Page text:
How Darrell Hammond Channels His Inner Donald Trump on 'SNL'

Hammond Trump - H 2016
Dana Edelson/NBC

"You don't want to editorialize," the comedian explained. "The problem is this: The closer you get to distasteful or what a person would consider below the belt, the funnier you are."

It takes a great deal of time to nail an impression of Donald Trump.

In fact, the Saturday Night Live comedian who perhaps best satirizes the billionaire businessman says he still has work to do.

"It is not all the way finished," Darrell Hammond tells The Hollywood Reporter of his Trump impression. "I watched it the other day, and I winced at it. It's not as good as I want it to be."

No matter how over-the-top an impression may seem to the audience, there is a fine line the SNL cast walks every week during a politically charged presidential election season.

"You don't want to editorialize," he says. "The problem is this: The closer you get to distasteful or what a person would consider below the belt, the funnier you are. But you really want to try and not step over that line if you can. I mean, they are presidential candidates for God's sake. You want to lend them that respect. [Their statements have] to be on TV or in the newspaper or online. They have to do it."

That notion is exactly why Hammond didn't think twice about his Trump commenting on the size of his penis in a recent sketch — the actual Trump did the same thing during the last GOP debate.

"I think of it like a locker room towel snap," Hammond says of the impressions being in good fun.

The comedian revealed that the key to unlocking the best impression is to study a person's idiosyncrasies but also be fair in the final presentation. He visits comedy clubs during the week to refine his version of Trump because, he says, he feels it is lacking.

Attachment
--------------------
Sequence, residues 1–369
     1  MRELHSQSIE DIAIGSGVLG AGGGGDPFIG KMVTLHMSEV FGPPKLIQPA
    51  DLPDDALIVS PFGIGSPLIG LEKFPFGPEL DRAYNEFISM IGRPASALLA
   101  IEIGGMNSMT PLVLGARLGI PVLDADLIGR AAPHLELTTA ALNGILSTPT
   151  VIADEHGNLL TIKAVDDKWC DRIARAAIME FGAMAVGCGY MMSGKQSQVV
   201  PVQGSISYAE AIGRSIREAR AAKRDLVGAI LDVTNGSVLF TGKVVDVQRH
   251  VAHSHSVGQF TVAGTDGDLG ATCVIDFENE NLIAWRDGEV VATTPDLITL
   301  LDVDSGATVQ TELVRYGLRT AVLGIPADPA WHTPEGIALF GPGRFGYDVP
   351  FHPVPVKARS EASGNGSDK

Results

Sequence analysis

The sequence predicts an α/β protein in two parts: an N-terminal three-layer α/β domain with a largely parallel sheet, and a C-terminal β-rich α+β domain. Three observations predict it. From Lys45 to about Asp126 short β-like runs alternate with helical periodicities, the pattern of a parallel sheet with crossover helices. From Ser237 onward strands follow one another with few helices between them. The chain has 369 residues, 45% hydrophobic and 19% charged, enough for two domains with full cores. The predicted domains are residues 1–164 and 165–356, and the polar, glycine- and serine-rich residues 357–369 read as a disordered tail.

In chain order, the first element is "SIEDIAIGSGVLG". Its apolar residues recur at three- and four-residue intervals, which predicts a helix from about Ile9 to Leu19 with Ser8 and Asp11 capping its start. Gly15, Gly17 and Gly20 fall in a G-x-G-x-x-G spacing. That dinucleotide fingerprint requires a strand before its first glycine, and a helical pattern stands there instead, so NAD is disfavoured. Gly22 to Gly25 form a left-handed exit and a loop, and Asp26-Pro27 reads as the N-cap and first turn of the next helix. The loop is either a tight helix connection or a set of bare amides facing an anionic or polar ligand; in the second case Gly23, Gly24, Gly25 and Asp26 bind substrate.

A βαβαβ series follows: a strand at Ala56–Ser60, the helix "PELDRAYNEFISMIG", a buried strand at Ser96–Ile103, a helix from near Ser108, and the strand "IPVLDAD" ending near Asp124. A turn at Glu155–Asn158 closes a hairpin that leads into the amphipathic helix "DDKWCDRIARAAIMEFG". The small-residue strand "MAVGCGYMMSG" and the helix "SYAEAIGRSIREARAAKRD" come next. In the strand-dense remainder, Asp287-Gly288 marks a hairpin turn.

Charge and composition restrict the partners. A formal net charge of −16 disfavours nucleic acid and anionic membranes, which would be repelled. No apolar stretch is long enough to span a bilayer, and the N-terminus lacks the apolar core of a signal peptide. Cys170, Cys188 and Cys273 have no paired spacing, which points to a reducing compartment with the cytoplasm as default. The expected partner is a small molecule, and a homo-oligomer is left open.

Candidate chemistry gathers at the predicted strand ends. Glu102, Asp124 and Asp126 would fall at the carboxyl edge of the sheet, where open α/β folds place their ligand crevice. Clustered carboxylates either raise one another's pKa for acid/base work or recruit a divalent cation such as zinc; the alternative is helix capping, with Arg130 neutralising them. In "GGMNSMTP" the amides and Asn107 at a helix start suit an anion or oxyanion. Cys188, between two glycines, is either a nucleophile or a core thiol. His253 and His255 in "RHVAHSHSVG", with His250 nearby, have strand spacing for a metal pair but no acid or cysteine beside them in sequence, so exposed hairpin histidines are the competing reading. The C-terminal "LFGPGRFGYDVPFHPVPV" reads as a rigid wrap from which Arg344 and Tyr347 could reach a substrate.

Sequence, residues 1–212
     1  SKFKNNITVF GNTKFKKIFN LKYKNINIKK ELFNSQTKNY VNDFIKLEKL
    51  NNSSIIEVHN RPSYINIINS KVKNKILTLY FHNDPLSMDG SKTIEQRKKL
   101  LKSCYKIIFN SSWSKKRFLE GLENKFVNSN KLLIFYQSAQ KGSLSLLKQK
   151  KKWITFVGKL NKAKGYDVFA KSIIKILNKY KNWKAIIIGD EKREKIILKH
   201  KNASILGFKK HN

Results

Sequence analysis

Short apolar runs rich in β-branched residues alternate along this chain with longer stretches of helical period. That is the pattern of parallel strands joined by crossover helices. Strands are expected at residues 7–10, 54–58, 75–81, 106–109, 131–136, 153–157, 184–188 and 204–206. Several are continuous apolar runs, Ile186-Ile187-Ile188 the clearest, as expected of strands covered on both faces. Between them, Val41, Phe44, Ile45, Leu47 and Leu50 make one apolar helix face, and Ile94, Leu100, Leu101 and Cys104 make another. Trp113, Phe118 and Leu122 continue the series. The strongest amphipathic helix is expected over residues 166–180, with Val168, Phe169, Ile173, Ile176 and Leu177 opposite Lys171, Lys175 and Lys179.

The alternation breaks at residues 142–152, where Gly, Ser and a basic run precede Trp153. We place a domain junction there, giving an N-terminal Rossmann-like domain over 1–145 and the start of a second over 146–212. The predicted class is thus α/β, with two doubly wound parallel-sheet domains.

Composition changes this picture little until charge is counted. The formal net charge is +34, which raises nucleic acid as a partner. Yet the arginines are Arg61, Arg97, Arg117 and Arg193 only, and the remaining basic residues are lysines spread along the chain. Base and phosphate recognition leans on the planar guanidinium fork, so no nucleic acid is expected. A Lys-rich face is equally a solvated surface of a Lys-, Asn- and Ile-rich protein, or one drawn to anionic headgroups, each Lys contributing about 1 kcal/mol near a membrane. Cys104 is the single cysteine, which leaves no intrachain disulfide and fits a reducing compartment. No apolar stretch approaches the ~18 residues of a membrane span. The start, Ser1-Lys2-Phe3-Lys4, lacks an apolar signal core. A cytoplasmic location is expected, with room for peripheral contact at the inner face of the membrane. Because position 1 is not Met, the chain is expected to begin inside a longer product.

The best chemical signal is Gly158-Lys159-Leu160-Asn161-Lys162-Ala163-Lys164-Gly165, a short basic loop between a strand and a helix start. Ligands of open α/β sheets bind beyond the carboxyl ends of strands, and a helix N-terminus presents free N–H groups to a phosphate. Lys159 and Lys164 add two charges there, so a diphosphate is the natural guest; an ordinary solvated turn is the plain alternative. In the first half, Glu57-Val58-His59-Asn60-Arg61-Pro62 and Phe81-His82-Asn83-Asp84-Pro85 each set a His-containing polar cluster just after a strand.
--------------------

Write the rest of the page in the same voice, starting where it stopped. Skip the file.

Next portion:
"It's like a cinder pops out of the fire and hits your clothes, and you just brush it off." That is the first image that comes to Hammond's mind when he talks about finding his inner-Trump.

That idea, he says, is both literal and figurative.

"It's almost like the negative thoughts — [Trump] just brushes them off, and that is why we first started doing these hands. I would touch my chest and flip the hands out, sort of flipping away anything that is negative or disagreeable," Hammond says.

Once a full-time castmember and now the show's announcer after the 2014 passing of Don Pardo, Hammond has been crafting his impression of The Donald for more than a decade (he first trotted it out around the premiere of The Apprentice).

The comedian has countless spot-on impressions in his comedy bag, including fan favorites Bill Clinton, Al Gore and, of course, the dastardly Sean Connery. But Trump is different, he contends. There are tiny details that make the man that need to be in place in order to do the impression.

"When he does that thing with his mouth, that oval thing with his mouth, it's actually on certain vowels. It's almost like a watch repair, it is so minute," Hammond says of one of the most important facets of a good Trump. "And then you see what we call home base. Home base is the head titled back, the lips closed, then eyes closed or narrow, looking around like, 'This is awesome. Things are great. I am great. I can do this.'"

Hammond does caricatures, not portraits, when on stage, he says. That distinction is important.

"It's easier to be funny when it's a caricature," he explains. "When it's accurate, in my experience, it hasn't been as funny for me."

Like a football player, Hammond says he studies video of both the people he impersonates and of his impressions in order to achieve accuracy. However, he says it is actually Trump who was most like a pro athlete when he hosted SNL last November.

"A lot of people say he is cocky or full of himself. Maybe he is, but he is also the most positive person I have ever seen except the athletes that have come on the show," Hammond notes. "You know, he did not believe himself to be an actor. He is not somebody from our world, so he is somebody who came earlier and stayed later. And I thought it was interesting because the athletes do the same thing because they know this is not their world, but something inside them tells them, 'I'll figure a way to do this somehow.'"

Hammond got back into the Trump saddle ("by personal request") the week the business mogul hosted the show. Before that, castmember Taran Killam had portrayed Trump. Both Hammond and Killam appeared as Trump during the GOP candidate's monologue, and Hammond has been playing him ever since. Killam now portrays Texas Sen. Ted Cruz.

When asked to grade his Trump impression, Hammond gives it "three stars." He gives his Clinton impression four stars, but notes that it also took years to prefect. Trump will get there, he insists.

Now that the billionaire businessman is on his way to becoming the GOP nominee for the 2016 election, Hammond says he has his work cut out for him. But it's all worth it.

"Who wouldn't want to be playing Donald Trump on Saturday Night Live?" he asks with a chuckle. "There's no other experience like it."